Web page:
Rash's Surname Index

Notes for Edward Richard Sprigg CANBY

A beautiful two-page manuscript document signed "Andrew Johnson" on "Executive Mansion" letterhead. Dated August 26, 1867. It reads in part: "Brevet Major General Edward R. S. Canby is hereby assigned to the command of the Second Miltary District, created by the Act of Congress of March 2d, 1867, and of the Military Department of the South, embracing the States of North Carolina and South Carolina. He will as soon as practicable relieve Major Genl Daniel E. Sickles, and, on assuming the command to which he is hereby assigned will, when necessary to a faithful execution of the laws, exercise any and all powers conferred by Acts of Congress...". During the Civil War, Canby was responsible for the Union's capture of Mobile. Having been brevetted through all the grades in both the volunteer and regular services, he remained a general in the United States Army. He was later murdered by the Modac Indians while arranging a treaty.
Canby, California--
The city was named in the honor of General Edward Richard Sprigg Canby. He was born in Kentucky in 1819, was graduated from the U. S. Military Academy in 1839, served during the Mexican War from 1846 to 1848, and the Civil War from 1861 to 1865; was commander in Louisiana, and of the United States Army Departments west of the Mississippi in 1864; captured Mobile, April 12, 1865; was promoted to Major General of Volunteers and in 1866 became a Brigadier General in the regular army; was treacherously killed by the Modoc Indians during a conference in Siskiyou County, northern, California, April 11, 1873.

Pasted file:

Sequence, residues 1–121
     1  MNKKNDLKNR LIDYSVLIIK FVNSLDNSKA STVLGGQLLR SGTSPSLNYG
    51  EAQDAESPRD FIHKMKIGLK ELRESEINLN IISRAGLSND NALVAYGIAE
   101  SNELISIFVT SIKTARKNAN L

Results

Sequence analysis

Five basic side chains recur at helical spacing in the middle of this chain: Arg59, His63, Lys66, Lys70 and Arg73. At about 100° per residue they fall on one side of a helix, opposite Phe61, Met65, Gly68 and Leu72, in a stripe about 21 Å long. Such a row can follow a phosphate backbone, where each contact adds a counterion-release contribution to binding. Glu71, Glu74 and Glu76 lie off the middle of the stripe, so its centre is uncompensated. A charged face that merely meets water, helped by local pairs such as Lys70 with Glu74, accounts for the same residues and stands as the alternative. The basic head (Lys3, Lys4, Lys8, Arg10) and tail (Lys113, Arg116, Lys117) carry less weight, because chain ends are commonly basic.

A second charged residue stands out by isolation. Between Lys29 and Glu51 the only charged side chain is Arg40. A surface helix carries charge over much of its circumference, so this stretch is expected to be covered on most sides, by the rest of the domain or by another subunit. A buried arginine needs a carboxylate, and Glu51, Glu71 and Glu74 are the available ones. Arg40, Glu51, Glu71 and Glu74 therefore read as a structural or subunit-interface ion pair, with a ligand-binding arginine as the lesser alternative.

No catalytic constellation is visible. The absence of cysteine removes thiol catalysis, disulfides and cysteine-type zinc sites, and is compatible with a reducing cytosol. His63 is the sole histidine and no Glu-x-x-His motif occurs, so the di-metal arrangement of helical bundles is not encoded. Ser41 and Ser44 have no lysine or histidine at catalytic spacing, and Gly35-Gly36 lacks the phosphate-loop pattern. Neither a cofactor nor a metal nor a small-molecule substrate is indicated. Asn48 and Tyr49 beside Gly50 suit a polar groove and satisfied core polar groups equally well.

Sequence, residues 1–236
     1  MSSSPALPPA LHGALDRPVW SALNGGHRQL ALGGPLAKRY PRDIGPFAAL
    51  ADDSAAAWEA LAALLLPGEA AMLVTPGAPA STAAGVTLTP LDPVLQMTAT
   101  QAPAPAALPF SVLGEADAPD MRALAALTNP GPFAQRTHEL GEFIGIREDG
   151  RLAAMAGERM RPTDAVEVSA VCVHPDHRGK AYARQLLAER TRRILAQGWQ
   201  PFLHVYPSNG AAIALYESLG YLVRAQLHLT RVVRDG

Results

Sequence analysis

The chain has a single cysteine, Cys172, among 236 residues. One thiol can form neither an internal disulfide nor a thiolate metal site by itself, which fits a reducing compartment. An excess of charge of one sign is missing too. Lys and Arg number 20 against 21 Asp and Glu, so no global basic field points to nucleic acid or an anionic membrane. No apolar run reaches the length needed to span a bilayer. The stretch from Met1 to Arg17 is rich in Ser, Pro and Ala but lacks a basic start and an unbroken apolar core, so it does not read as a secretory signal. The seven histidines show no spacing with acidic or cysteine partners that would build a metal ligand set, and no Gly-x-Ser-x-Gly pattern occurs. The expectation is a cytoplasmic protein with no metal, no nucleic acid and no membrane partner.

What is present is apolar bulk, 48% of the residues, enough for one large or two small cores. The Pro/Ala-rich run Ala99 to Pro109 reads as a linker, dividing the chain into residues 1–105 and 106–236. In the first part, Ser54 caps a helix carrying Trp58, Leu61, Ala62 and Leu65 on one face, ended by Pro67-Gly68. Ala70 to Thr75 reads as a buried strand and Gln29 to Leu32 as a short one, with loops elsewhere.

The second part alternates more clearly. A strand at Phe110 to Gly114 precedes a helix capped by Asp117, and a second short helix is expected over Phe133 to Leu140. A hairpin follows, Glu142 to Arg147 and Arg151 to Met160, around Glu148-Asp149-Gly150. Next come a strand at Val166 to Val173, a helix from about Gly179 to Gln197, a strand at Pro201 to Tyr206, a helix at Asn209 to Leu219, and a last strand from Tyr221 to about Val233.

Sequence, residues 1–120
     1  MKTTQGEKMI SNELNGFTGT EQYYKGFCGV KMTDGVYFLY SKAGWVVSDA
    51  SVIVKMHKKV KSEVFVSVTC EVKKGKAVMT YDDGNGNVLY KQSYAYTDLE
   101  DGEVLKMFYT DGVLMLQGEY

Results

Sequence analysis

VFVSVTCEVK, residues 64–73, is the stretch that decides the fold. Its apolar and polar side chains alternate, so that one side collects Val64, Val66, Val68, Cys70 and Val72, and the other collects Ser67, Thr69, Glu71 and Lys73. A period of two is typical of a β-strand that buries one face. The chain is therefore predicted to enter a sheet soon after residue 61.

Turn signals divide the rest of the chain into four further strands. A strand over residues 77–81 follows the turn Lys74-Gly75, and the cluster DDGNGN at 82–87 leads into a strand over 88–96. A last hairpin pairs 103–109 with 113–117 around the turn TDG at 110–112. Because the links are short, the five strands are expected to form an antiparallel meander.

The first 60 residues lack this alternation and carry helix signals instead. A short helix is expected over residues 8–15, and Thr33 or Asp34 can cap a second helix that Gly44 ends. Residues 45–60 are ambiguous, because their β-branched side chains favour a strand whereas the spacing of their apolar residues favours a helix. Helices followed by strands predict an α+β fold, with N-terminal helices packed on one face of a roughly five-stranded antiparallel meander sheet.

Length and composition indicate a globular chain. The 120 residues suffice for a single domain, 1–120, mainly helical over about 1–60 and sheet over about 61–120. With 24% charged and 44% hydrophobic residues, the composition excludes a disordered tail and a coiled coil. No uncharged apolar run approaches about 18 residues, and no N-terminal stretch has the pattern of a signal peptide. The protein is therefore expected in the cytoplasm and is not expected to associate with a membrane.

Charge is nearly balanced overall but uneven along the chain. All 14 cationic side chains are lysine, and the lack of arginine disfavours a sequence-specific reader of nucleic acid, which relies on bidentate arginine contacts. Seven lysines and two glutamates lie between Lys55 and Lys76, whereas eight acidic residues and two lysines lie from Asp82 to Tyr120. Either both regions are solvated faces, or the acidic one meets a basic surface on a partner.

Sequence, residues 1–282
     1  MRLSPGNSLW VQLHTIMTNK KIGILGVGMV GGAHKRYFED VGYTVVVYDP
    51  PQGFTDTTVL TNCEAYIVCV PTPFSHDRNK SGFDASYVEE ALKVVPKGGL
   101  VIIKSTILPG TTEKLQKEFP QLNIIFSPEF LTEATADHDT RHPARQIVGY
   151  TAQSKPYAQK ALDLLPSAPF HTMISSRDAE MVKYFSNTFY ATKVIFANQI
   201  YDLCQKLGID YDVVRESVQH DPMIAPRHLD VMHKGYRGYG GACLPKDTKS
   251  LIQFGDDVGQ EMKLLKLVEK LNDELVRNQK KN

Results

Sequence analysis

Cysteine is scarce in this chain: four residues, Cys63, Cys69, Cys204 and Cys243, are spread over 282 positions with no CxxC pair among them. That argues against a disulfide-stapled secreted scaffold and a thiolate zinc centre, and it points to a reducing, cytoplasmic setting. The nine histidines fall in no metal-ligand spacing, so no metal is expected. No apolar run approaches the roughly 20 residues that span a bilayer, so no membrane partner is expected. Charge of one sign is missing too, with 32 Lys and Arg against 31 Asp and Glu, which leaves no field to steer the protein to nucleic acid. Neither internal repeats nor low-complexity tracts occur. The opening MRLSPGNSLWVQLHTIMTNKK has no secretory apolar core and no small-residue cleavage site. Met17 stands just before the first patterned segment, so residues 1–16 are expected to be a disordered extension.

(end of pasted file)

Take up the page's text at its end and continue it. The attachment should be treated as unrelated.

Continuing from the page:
Soldier; born in Kentucky. A West Point graduate (1839), he fought in the Seminole War and the Mexican War. He commanded the Union's Department of New Mexico and defeated a Confederate attempt to take California. He went to Washington, D.C., as the Assistant Adjutant General, and then commanded troops in New York City. As commander of the Military Division of Western Mississippi, he captured Mobile, Ala.; as commander of the Department of the Gulf, he accepted the surrender of the last two Confederate field armies in May 1865. Modoc Indians murdered Canby, who had been sent to negotiate peace with the tribe, in northern California.

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